The operator can quickly transition from receiving an alert that lacks context to comprehending the full scope of the incident by visualizing the “tree,” which represents all user/data interactions, and enabling focus on the suspicious ones, the “leaves.”

Not All NDR Are Born Equal

Your security program’s overall maturity can be raised by incorporating NDR. It can be difficult to determine which platform provides the best functionality with the most convenience. This is where WireX Systems comes in. 


WireX Systems NDR is concentrating on the investigation to assist your team in moving from alerts and symptoms to diagnostics and remediation, whereas the majority of NDR vendors are concentrating on the detection part to be the first to provide the alert.


The robust platform from WireX Systems addresses important problems that are at the core of conventional network analysis. As previously stated, network security and visibility must focus on internal security threats and extend beyond the network’s perimeter (east-west traffic). However, there are two main obstacles to effectively storing and analyzing mountains of packet data: complexity and capacity.


Only a few days’ worth of payload data could ever be retained when storing information at the packet level (and the rest is high-level metadata). Since the industry statistics for how long it takes to detect an event on average is about 120 day, by the time we would need to use those packets, they would have long since vanished.


The complexity of manipulating “bits and bytes” and turning them into knowledge presents the second difficulty. Even if you had the packets, it would be difficult to use them effectively because most packet-based systems are extremely difficult to operate and will need a network expert and a security expert to operate them.


The key differentiators of WireX Systems revolve precisely around these two problems; WireX offers at least 180 days of payload data along with an automatic analysis that handles the analyst’s labor-intensive tasks.


Contextual CaptureTM technology from WireX Systems provides comprehensive visibility, network analytics, and a deep understanding of the intricate relationships in your network without requiring you to sift through mountains of data. It does away with the need for laborious, impractical processes like raw packet analysis. Months of in-depth network activity and a fully reconstructed OSI stack reveal connections and interactions between network components that would otherwise be hidden from the analyst.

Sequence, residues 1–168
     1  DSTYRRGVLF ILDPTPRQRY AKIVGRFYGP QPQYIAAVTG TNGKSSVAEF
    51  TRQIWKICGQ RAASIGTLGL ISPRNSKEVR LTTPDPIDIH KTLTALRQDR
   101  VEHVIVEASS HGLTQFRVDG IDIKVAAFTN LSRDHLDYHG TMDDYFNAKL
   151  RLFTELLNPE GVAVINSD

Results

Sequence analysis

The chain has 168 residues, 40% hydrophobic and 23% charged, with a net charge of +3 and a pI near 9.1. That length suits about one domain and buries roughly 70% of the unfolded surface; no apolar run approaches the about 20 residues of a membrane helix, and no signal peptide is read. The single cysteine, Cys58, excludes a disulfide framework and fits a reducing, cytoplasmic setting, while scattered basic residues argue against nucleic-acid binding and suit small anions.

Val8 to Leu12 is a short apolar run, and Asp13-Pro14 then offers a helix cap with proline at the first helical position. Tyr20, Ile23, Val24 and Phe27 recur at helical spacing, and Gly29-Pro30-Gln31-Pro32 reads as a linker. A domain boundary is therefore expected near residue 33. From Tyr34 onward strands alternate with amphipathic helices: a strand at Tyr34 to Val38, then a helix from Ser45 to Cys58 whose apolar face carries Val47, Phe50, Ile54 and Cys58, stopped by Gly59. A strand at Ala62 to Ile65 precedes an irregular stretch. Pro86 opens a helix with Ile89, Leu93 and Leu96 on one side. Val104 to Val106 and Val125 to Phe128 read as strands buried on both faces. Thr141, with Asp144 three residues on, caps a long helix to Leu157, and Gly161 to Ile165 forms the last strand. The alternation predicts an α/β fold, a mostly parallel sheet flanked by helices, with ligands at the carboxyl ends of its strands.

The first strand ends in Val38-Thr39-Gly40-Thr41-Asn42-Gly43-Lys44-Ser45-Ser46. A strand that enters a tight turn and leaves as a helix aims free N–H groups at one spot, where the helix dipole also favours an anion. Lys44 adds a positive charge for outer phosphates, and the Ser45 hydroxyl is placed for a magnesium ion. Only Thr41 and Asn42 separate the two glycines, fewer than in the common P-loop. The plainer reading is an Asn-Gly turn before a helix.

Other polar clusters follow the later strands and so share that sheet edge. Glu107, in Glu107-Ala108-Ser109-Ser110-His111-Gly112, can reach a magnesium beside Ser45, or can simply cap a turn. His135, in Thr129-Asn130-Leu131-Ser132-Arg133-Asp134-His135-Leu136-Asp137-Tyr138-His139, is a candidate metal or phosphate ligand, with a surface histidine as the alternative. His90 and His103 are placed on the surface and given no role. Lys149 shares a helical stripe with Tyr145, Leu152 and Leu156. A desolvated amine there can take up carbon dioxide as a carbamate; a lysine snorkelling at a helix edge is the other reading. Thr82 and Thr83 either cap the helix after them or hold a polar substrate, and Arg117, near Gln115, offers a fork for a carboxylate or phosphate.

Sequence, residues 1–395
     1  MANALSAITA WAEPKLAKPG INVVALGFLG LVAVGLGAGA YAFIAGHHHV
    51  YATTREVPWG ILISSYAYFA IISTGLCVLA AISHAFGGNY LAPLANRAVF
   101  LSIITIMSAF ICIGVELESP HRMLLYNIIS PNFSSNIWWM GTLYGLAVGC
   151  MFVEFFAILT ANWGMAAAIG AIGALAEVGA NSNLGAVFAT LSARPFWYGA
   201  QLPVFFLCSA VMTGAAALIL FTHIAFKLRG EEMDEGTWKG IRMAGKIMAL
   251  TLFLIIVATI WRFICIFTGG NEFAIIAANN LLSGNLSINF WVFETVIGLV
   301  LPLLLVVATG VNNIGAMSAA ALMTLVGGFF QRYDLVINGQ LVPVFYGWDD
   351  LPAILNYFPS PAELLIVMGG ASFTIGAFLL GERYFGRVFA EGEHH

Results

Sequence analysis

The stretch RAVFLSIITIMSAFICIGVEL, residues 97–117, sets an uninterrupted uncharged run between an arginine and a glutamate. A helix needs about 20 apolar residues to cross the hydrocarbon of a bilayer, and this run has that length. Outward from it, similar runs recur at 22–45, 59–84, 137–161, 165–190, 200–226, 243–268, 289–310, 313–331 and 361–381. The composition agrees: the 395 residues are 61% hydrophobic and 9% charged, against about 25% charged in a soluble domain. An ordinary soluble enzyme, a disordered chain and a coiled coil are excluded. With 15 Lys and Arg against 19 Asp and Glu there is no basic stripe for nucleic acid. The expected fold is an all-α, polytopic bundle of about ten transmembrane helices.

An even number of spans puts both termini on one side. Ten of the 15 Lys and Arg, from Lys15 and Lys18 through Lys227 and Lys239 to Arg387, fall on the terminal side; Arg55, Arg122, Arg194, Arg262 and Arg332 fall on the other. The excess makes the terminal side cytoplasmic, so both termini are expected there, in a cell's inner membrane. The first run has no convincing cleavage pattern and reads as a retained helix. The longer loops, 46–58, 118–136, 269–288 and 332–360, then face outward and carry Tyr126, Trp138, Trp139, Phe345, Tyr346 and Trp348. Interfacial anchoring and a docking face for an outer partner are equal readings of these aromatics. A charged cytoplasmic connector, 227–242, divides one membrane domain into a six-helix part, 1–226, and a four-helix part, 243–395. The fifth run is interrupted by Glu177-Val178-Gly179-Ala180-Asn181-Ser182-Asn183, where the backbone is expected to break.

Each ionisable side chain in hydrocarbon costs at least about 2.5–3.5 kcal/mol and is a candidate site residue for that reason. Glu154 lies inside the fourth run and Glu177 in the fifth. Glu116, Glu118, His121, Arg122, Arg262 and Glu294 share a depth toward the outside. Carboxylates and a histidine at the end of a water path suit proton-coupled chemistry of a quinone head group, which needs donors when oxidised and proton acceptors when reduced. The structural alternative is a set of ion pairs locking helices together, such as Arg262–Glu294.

You can respond to threats with decisive context and even find the time to engage in proactive hunting thanks to threat intelligence from Contextual Capture, which enables you to move from alerts and symptoms to diagnostics and remediation.


Contextual capture has ingenious advantages that go beyond providing ample context for detection and response. Traditional network detection tools are struggling to keep up with the massive amounts of data produced by analyzing network traffic, but WireX Systems’ NDR overcomes this problem with Big-Data Analytics, including high-performance databases, lightning-fast response times, and scalability to store many months’ worth of forensics history and intelligence. Your captured activities can be used to visualize, identify, track, and analyze network anomalies so that responses are prompt and focused.

Final Thoughts: NDR And SIEM Your Way, Today 

NDR completes the triad by providing visibility into network communications and the particular tasks carried out within those protocols when combined with EDR and SIEM. With next-generation firewalls, it is possible to detect anomalous behavior and activity both at the perimeter and, more importantly, by examining the internal traffic moving laterally. When enhancing log data and endpoint alerts, the NDR’s network insights and artifacts will be used to provide deeper context.


Need robust security for your organization? Speak to us at Wirex Systems today to schedule a demo